William Demski’s two chapters on Determinism (short) and Contingency and Chance (longer) are useful in delineating ideas often used loosely, and the latter in particular presents some very helpful ideas.
Determinism is examined mainly in physical, rather than theological, terms. It’s useful (as he does) to distinguish local determinism (the universe is set up so that everything in it must be as it is) from global determinism (the universe must be as it is). The theological possibility that physical laws don’t determine reality, but that God’s free actions might is only dealt with in a passing reference to the Augustinian-Calvinist tradition (and in my view somewhat misleadingly), because it’s the scientific context that interests him most here.
Positing a locally deterministic universe, in the absence of God, inevitably leads to a regress in which the physical nature of the cosmos itself is an unexplained fact. In that sense contingency never goes away – it just get pushed back to the nature of reality. Of the three possible responses by materialists – to disengage and say that global contingency is just a brute fact, or to try to explain it, or to argue for an underlying global determinacy, the last has always been the most popular from classical times until now.
A surprising number of ancient philosophies argued that every event recurs in an endless cycle (eg the Great Year of Renaissance times), which is directly echoed in the recent (but now discounted) suggestions of an endless cycle of big bangs and big crashes. But the same aim is at work in suggesting inflationary bubble universes and eternal multiverses, and of course the quantum many worlds interpretation. It is helpful to realise that these are all, in the end, attempts to reclaim a deterministic universe by making all possibilities inevitable – thus eliminating contingency (and especially design, since remember information is to do with the elimination of all possibilities except what is actualized.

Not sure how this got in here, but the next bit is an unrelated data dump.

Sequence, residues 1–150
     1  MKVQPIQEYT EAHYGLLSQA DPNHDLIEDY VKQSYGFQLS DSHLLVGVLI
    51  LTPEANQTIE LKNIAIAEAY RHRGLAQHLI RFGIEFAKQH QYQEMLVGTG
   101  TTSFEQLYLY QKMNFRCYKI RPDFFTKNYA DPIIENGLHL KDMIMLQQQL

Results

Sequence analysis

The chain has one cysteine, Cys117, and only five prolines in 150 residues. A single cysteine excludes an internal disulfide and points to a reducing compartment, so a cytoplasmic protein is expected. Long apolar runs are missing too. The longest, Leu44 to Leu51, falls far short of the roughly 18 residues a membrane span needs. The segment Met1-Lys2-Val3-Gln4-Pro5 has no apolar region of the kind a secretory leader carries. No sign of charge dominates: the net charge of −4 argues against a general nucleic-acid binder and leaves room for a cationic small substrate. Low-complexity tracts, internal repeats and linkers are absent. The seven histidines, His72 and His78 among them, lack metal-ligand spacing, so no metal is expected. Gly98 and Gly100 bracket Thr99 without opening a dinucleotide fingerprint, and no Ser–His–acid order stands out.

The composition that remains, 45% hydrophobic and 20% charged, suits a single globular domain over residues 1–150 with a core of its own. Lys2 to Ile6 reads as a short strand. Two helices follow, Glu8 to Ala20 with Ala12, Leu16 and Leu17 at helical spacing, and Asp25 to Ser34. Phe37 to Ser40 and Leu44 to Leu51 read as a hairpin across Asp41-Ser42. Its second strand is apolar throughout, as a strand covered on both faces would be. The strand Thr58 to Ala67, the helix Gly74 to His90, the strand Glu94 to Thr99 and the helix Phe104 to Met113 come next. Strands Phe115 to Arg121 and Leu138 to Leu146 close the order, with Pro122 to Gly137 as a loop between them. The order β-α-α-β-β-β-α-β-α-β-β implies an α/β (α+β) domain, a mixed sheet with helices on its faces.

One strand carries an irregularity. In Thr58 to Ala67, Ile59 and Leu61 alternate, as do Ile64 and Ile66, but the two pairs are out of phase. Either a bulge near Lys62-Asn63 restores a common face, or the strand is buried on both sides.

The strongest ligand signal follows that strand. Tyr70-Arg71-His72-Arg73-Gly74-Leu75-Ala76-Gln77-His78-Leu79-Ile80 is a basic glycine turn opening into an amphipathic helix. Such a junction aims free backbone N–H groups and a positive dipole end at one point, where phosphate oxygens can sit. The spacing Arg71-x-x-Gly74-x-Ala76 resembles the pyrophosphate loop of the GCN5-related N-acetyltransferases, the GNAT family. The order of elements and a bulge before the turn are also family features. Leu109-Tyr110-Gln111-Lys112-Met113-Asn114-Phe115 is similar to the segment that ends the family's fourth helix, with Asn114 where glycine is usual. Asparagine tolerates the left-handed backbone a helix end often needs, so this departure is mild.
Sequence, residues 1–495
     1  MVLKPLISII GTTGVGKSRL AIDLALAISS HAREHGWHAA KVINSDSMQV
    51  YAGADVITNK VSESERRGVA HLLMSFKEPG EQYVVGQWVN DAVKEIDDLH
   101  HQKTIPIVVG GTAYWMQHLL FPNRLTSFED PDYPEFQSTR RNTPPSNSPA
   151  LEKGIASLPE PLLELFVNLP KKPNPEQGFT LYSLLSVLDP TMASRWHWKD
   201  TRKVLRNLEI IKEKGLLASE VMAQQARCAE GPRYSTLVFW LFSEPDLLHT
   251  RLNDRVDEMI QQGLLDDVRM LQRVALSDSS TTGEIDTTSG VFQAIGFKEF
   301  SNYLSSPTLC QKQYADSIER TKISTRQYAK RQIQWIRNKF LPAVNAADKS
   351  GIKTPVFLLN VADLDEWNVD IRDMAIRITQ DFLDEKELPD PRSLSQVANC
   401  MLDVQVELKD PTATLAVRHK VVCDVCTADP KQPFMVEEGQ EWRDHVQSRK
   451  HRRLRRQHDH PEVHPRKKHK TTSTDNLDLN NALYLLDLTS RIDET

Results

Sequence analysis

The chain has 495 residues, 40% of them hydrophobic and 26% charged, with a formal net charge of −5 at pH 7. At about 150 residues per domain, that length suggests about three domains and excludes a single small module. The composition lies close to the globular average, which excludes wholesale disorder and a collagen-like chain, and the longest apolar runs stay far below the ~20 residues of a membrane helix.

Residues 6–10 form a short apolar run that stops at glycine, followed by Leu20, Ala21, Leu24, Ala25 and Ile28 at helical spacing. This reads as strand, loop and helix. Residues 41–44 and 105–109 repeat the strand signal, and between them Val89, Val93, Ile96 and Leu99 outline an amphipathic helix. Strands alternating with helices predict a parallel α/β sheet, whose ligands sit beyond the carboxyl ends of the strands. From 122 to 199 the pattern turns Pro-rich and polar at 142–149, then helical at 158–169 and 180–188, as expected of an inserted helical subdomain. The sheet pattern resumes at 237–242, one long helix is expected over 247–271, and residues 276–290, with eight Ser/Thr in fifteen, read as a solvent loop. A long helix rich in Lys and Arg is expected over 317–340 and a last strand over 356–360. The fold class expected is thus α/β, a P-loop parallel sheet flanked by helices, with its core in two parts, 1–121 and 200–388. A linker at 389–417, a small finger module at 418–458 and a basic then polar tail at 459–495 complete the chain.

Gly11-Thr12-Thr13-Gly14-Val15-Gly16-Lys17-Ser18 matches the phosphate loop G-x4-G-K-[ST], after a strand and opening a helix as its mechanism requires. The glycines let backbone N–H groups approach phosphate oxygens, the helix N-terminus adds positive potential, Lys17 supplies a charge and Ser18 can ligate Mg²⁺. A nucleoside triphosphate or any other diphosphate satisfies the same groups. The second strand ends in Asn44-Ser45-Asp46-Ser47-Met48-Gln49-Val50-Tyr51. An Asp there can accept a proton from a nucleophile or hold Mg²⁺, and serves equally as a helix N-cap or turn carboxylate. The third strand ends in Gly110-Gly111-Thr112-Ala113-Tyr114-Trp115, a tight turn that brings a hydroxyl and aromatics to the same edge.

As D. points out, though, although it makes a “more comfortable setting” for materialism it is not a conclusion of science but a pure metaphysical prejudice. And as has been pointed out many times it actually cuts the roots of science away, since it makes any actual scientific observations and causes arbitrary and local – in some other time or place, any and every other observation might have been made instead. He compares this to solipsism, which similarly avoids all logical contradictions at the cost of making existence meaningless and unintelligible:
Witness: “I saw the defendant with a smoking gun.” Attorney: “No, you saw a cleverly disguised space alien with a smoking gun.”
And so we turn to contingency, which also can be seen in local or global terms. Globally, theism accepts the contingency of the universe as an act of God’s choice. Materialism, however, always has the pull towards determinism through the infinite multiplication of entities. If, for example, Lawrence Krauss were right is saying the universe arose from a random fluctuation in the quantum vacuum, then presumably it could and would happen again, and again, leading to a deterministic multiverse containing all possibilities.
Despite his theism, though, Dembski demurs from the too-ready acceptance of cosmic fine-tuning arguments for God on mathematical grounds. I find this interesting as an unexpected example of an IDist being more cautious than TEs, who regard global fine tuning as a theistic argument free of the taint of “God of the Gaps”, since it refers to events outside the created order.
But as D. reminds us, by definition all we can ever know from science is the conditions inside our world. We have no idea of what, outside the world of our physics, it takes to form a world, and so we can’t know anything about “extra cosmic” statistics. A fine tuned fundamental value may be exceedingly unlikely – or it may be absolutely inevitable. We have no way of knowing, and so D. personally regards fine-tuning arguments as no more than “suggestive, as pointers to an underlying intelligent or teleological cause. But I see no way to develop them into rigorous staitstical inferences precisely because their possibilities cannot be grounded in any observed process.”
This careful caveat shows something of the confidence he has in statistical arguments within the universe. And this depends partly on taking a different view of what contingency and chance are from the rather vague concept of “undetermined” used in, say, “free process” theologies of creation. In these, because contingency is seen as a way for “spontaneity” to occur alongside essentially deterministic natural law, but independent of God’s design, it has to be seen as, in the end, causeless. D. cites an atheist defender of ID arguments, Bradley Monton, as a supporter of this view of absolute chance or tychism. Even if causelessness is coherent in a theistic universe (or any universe, come to that), it is hard to see how any advantage accrues from it either for creation or God’s glory: “leaving things to chance” is the watchword of poor governance in every human activity, so how can it be wise in God’s?
As I’ve touched upon in other posts, D. takes a much more credible line with contingency when he defines it as “the realization of one possibility to the exclusion of others according to a probability distribution.” He goes on to show how all such events can be seen as ontologically orderly, though epistemologically contingent to us.